The Right Heart Rate to Lose Fat – Explained

Working out is an integral aspect of any weight-loss plan. After all, doing cardio will burn all those calories while strength training will build your lean muscle. The latter ensures that you’re burning fat even during your rest.

But when hitting the gym, you need to ensure that you’re getting the most out of your workout routines in Gold’s Gym. In this guide, you’re going to learn how your heart rate affects your exercises. Read on and find out more today.

Why Heart Rate is Important to Fitness

It’s important to have the right heart rate since it makes your workout routine more effective. This works best with cardio exercises since you need an elevated heart rate from your resting state. Once you achieve this, you’ll get the exercises’ benefits, which include improved heart health and calorie reduction.

To know how your exercises affect your heart rate, you need to get a heart-rate monitor. But even with this device, you won’t get anywhere if you don’t know what it means. That’s why you need to learn the right heart rate to get into the fat-burning zone.

How to Get the Right Heart Rate

According to expert cardiologists, determining your current max heart rate is to subtract your age from 220. For example, if you’re 40 years old, your maximum heart rate should be 180 beats per minute. If you want to start burning fat, you need to achieve about 60-70% of your maximum heart rate whenever you exercise.

Take note, your heart health and level of activity can vary. That’s why it’s possible for someone to reach 60% of their max heart rate within a minute of doing exercises. For others, it can take either longer or shorter to get into that zone.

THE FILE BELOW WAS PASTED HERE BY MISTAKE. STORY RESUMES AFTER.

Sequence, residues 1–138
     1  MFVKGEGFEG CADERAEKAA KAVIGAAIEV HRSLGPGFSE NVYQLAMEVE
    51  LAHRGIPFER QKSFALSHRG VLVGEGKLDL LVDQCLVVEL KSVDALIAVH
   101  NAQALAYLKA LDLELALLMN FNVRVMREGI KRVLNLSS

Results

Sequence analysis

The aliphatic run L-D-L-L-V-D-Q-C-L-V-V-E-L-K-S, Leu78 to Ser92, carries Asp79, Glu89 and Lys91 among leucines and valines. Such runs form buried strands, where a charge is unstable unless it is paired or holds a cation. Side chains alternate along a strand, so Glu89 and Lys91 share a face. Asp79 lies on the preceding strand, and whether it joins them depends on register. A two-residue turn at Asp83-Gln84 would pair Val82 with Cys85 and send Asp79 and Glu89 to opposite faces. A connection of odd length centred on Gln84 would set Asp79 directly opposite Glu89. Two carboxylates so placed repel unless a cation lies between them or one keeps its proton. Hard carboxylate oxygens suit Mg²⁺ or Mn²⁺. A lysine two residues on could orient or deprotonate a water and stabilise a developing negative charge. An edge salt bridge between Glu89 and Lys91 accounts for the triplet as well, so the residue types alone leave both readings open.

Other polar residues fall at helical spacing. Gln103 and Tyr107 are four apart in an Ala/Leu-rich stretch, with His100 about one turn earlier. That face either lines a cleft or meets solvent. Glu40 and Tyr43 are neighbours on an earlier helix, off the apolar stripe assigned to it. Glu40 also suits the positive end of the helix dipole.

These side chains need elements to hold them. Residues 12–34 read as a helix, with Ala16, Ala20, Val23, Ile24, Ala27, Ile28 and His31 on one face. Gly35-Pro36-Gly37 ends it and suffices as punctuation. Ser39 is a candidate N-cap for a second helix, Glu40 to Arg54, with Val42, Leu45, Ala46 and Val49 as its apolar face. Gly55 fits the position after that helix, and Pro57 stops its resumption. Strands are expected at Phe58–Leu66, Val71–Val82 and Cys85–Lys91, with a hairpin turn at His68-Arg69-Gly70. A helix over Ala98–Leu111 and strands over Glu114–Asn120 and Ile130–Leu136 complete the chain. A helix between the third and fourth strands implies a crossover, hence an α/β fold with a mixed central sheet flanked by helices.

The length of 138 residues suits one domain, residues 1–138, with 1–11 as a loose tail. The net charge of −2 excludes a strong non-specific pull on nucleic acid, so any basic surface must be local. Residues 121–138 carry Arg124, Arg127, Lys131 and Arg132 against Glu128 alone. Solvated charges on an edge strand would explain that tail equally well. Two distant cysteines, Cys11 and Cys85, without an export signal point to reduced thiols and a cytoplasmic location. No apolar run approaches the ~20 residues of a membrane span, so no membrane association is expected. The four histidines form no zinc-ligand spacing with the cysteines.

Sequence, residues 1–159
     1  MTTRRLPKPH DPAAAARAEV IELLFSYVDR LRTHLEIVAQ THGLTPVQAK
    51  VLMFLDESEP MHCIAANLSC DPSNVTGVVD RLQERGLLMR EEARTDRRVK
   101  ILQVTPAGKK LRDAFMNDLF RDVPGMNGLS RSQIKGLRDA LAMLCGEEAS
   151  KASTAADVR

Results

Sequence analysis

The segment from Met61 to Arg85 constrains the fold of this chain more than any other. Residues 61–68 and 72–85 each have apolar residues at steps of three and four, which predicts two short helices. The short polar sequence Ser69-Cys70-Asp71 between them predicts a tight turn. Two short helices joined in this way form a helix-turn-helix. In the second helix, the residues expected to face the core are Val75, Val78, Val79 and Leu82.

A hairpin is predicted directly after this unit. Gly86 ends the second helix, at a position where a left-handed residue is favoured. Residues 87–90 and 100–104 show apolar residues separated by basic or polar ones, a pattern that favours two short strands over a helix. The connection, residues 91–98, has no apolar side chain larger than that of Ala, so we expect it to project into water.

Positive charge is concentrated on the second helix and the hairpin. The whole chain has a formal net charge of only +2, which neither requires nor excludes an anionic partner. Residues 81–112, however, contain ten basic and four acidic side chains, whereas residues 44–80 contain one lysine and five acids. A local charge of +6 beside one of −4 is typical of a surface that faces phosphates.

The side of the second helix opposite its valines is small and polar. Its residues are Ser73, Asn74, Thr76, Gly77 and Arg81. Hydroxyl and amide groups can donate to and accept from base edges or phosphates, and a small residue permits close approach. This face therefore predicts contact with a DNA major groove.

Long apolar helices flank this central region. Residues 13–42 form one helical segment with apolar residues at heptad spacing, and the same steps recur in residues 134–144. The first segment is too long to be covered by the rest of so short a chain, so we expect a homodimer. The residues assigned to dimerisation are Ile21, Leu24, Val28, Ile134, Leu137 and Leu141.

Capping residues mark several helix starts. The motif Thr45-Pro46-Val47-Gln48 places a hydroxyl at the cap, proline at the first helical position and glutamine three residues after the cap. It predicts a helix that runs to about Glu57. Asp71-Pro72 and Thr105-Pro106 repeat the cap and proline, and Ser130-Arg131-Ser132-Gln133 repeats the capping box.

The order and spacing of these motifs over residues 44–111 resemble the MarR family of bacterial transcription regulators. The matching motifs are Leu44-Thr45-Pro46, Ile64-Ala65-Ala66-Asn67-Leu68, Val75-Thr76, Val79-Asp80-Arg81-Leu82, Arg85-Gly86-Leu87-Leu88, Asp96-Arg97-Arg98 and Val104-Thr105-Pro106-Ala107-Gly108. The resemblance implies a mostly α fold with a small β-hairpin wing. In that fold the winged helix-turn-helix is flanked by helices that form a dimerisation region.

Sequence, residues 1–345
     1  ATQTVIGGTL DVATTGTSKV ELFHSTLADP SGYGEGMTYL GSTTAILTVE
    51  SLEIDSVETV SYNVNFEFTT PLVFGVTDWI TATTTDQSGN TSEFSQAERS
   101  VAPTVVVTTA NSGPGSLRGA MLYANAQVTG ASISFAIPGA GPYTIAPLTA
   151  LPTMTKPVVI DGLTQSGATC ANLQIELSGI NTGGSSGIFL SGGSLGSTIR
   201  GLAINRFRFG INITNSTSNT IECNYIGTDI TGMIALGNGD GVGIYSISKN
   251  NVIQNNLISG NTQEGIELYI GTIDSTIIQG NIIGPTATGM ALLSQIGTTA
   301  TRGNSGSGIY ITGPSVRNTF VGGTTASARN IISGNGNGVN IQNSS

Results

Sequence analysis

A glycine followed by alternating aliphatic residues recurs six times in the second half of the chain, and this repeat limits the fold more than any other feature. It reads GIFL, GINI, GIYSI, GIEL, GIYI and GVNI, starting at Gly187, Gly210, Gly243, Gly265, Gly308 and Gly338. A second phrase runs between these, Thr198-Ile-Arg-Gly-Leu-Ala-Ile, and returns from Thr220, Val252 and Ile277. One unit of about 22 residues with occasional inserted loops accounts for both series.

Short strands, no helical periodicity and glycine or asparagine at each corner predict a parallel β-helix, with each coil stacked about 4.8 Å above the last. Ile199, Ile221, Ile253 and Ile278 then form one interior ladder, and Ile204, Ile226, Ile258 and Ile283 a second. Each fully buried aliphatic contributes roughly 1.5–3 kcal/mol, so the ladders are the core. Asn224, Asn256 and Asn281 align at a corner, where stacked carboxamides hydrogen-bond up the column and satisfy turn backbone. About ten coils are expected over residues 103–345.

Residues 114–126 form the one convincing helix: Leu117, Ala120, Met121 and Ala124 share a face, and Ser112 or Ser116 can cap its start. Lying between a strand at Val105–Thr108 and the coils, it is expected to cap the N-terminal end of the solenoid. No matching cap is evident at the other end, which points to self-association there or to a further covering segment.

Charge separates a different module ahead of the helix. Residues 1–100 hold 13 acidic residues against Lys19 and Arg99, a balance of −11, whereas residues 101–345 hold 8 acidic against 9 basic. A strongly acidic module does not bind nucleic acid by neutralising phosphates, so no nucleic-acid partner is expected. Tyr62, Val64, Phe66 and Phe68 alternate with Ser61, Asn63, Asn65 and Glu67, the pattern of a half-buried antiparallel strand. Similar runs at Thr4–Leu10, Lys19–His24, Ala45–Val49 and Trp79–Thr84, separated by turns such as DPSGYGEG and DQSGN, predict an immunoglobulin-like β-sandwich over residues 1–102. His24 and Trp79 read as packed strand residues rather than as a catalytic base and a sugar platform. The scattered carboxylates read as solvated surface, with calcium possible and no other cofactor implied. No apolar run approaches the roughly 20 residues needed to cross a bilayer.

You should also consider the medications you’re taking before you exercise. If you’re taking meds that can affect your heart rate, the formula will become inaccurate. In this case, ask your physician how to get the right heart rate.

How to Exceed the 60% Heart Rate

A lot of personal trainers recommend that increasing your heart rate a little more can help you get the most out of its benefits. If you’re doing steady-state cardio exercises, your primary goal is to reach 70-80% of your maximum heart rate. Once achieved, do your best to stay this way for a while.

This applies whenever you run, walking, ride the bicycle, or swim. In most cases, you’ll need to continue doing this for 18 minutes. After all, it takes around that time for your body to start using your body fat as its fuel.

Do you prefer shorter, more intense workout routines like HIIT (high-intensity interval training)? If so, ensure that your heart rate should be around 80-90% of your maximum heart rate. Instead of maintaining it for a long time, do this in short bursts and rest until your heart rate goes back to 60%.

How to Measure Your Heart Rate

If you want to get the most accurate measure of your heart rate, you’ll need to use a heart-rate monitor. The wearable ones will work best if you want to measure it while exercising. Otherwise, you might need to rely on your perceived exertion, rating it on a scale of 1-10.

Your heart rate should be faster while your breathing gets faster. That way, you’re roughly around your target heart rate range while exercising. On the perceived exertion scale, a rating of one means rest while 10 means you’re overworked and unable to move afterward.

If you want the optimal level using this scale, it’s between 6-8 out of 10. Always aim to get an eight to get your blood pumping and make your heart beat faster. But if you’re not that keen to go all-out, a six is often enough to get some results.

How to Choose the Best Cardio Exercise

The most important thing to remember when choosing is that there’s no “best” exercise. If running works best for some people, it doesn’t automatically mean the same for you. It’s especially the case when you feel like running makes your body fall apart.

Anything that increases your heart rate will count as cardio. That’s why doing rigorous chores like washing the car or raking leaves can qualify. With that said, it’s best to do activities that you enjoy or tolerate at the very least.


Your heart rate plays an important part in the effectiveness of your exercise routine. That’s why it’s best to get a heart rate monitor to know if you’re in the fat-burning zone. Follow the formula and make sure that you get to at least 60% of your maximum heart rate to ensure that your cardio exercises will burn your fat better.

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